New flood defences could be installed in the historic grounds of Kirkstall Abbey, if a detailed planning application gets the green light.
Leeds City Council has applied for listed building consent for proposed works to the Grade II listed Kirkabbey Kennels, sluice gates, cottage and weir on the River Aire at Kirkstall Abbey. The structures date back to the 19th century.
The proposed works include building a new sluice structure next to the original sluice gates, which will be attached to the Listed cottage and weir.
The new measures will control the flow of water through the goit in a flood similar to the one which caused so much damage on Boxing Day 2015.
The structure will include a concrete wall creating a 1.5m-wide curved walkway. It will be faced with stone with the flow control device being positioned below normal water level. The structure will tie into Clough House, which will needs a small section of remedial work.
The works are part of Leeds Flood Alleviation Scheme (LFAS) Phase 2 to improve the level of flood protection to low lying areas along the River Aire between Leeds City Centre and Apperley Bridge.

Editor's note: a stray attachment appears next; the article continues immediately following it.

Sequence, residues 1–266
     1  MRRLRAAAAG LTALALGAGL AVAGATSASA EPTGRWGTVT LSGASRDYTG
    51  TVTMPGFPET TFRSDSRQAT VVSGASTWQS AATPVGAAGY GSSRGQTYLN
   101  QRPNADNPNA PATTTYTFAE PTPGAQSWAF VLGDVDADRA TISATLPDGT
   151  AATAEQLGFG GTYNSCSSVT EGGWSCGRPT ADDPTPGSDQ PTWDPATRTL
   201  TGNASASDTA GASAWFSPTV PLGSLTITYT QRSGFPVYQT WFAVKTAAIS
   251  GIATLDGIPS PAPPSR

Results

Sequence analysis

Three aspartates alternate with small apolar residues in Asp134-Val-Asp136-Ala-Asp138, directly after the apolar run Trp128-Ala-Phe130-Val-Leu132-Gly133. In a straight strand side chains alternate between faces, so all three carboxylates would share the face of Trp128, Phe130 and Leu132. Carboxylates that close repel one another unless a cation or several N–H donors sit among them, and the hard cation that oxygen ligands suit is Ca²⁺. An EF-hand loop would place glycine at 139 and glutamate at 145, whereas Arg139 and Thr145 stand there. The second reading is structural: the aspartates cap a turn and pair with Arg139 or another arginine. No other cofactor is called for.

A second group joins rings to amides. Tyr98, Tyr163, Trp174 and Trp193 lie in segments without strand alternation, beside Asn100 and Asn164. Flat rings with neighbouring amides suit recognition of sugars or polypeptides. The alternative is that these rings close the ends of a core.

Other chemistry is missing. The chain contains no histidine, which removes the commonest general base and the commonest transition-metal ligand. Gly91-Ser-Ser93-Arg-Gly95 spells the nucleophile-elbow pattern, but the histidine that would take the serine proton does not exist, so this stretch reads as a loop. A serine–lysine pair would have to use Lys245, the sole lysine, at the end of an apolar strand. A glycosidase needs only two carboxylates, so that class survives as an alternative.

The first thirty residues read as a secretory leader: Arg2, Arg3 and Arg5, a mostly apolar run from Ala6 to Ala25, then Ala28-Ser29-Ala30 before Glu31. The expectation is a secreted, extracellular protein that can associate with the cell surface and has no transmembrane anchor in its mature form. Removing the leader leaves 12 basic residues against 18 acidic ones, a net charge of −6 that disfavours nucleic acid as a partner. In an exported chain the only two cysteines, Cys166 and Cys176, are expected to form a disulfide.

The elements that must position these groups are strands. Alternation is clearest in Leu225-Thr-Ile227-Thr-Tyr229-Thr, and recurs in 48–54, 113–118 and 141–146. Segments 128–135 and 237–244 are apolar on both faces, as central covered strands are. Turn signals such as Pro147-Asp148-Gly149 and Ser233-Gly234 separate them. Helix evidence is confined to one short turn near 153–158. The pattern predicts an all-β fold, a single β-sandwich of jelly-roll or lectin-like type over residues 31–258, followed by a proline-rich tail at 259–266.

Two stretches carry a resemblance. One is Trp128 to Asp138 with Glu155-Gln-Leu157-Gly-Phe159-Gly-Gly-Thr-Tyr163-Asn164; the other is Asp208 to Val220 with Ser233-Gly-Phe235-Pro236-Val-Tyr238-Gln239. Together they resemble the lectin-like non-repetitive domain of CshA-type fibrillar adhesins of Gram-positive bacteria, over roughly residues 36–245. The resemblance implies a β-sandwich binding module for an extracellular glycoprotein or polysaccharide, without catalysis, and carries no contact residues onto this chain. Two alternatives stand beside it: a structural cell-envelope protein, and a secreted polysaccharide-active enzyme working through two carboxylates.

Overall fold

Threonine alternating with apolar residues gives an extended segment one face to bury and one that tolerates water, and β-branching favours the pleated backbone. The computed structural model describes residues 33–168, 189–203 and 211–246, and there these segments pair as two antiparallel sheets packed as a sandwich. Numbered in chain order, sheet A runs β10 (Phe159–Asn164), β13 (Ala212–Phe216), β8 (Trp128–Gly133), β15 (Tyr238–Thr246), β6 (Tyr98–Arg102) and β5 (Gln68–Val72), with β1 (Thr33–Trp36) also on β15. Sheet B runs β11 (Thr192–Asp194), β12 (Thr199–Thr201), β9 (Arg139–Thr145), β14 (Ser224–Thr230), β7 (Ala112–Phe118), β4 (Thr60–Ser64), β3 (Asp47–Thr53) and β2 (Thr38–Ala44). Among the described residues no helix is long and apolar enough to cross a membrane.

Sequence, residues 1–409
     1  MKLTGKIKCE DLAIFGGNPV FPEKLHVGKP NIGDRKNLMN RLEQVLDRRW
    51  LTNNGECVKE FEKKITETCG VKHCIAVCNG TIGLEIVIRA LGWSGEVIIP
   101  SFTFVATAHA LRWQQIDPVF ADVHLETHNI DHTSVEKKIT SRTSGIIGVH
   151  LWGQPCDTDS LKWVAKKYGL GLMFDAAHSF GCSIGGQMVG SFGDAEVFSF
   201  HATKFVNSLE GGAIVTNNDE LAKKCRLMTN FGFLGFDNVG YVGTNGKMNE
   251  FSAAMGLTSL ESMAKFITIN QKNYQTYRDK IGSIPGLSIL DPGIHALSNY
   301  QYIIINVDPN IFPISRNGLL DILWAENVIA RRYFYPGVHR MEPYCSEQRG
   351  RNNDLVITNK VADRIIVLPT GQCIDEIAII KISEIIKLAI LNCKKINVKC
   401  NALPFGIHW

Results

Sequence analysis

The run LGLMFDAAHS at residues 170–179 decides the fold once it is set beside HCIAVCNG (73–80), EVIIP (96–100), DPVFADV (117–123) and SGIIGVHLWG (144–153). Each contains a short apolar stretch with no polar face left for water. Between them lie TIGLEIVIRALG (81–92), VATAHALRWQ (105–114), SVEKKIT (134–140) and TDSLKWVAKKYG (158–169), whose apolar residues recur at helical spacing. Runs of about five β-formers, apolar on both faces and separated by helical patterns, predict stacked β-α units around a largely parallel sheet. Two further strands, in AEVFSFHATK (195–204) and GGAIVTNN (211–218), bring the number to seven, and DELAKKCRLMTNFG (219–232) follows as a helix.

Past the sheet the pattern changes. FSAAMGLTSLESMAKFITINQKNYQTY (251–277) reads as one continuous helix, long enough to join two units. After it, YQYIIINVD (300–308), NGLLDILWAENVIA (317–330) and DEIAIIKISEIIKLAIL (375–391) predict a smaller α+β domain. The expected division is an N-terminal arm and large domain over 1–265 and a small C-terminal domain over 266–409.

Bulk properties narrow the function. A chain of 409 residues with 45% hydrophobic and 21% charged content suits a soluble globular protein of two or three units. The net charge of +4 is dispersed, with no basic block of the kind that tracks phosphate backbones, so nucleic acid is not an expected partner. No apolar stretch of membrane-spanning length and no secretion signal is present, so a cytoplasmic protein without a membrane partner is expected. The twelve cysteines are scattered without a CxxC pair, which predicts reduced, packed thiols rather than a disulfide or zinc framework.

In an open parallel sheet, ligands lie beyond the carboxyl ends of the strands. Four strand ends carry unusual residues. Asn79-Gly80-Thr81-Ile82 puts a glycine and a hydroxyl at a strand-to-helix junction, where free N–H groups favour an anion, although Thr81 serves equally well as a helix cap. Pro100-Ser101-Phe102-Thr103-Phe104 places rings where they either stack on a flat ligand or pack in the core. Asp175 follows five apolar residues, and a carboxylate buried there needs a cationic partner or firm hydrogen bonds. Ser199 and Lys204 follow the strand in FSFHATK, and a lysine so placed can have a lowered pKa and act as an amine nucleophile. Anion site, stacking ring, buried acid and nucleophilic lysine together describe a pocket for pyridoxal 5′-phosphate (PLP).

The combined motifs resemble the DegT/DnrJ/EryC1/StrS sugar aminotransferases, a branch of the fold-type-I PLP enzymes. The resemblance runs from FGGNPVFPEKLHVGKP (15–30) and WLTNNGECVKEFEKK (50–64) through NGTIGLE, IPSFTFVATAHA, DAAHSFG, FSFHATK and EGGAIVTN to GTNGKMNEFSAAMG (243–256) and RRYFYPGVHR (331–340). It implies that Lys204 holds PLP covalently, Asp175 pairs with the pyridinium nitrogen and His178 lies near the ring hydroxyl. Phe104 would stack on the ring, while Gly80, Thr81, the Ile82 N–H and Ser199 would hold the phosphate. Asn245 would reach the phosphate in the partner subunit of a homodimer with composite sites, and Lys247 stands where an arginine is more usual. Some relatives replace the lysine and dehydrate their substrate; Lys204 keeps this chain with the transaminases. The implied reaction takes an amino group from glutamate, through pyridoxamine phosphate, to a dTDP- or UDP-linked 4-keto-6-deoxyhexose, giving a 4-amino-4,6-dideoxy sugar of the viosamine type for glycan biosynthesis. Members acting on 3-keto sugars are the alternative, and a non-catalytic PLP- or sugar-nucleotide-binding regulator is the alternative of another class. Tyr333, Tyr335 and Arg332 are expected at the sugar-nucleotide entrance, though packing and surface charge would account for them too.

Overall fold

This latest planning application provides more details on the proposals for the area, which had previously sparked ‘serious concern’ from watchdog National Heritage.
They’re part of wider plans for flood defences along the Kirkstall Valley which were submitted in December and feature measures such as new defence walls, embankments and a large flood storage area.
A planning statement accompanying the application says:
“There is considered to be a negative impact to the historical value of this asset and its setting.
“A large proportion of the value of the asset comes from the clear connection between the River Aire and Abbey Goit. There is potential for this connection to be lost by the construction of a new structure dividing the sluice from the River Aire.
“This impact is considered suitably mitigated by the ‘light touch’ nature of the new structure-both its construction using largely glass panelling above water level and the fact it will sit at a lower level than the original sluice. It is therefore considered that this new structure will blend into the historic environment.”
The report says the works will help ‘the continued conservation’ of the area and adds the works are ‘considered to add aesthetic and communal value’.
The Listed Building works are required to enable the defences to go ahead.
The plans can be read in full and commented upon here.
Kirkabbey Kennels, Sluice gates, Cottage and Weir are largely associated with the industrial past of Kirkstall Abbey and were likely built between 1837 and 1868 by the 7th Earl of Cardigan before the estates were sold off in 1889 to the City of Leeds to become a municipal park.
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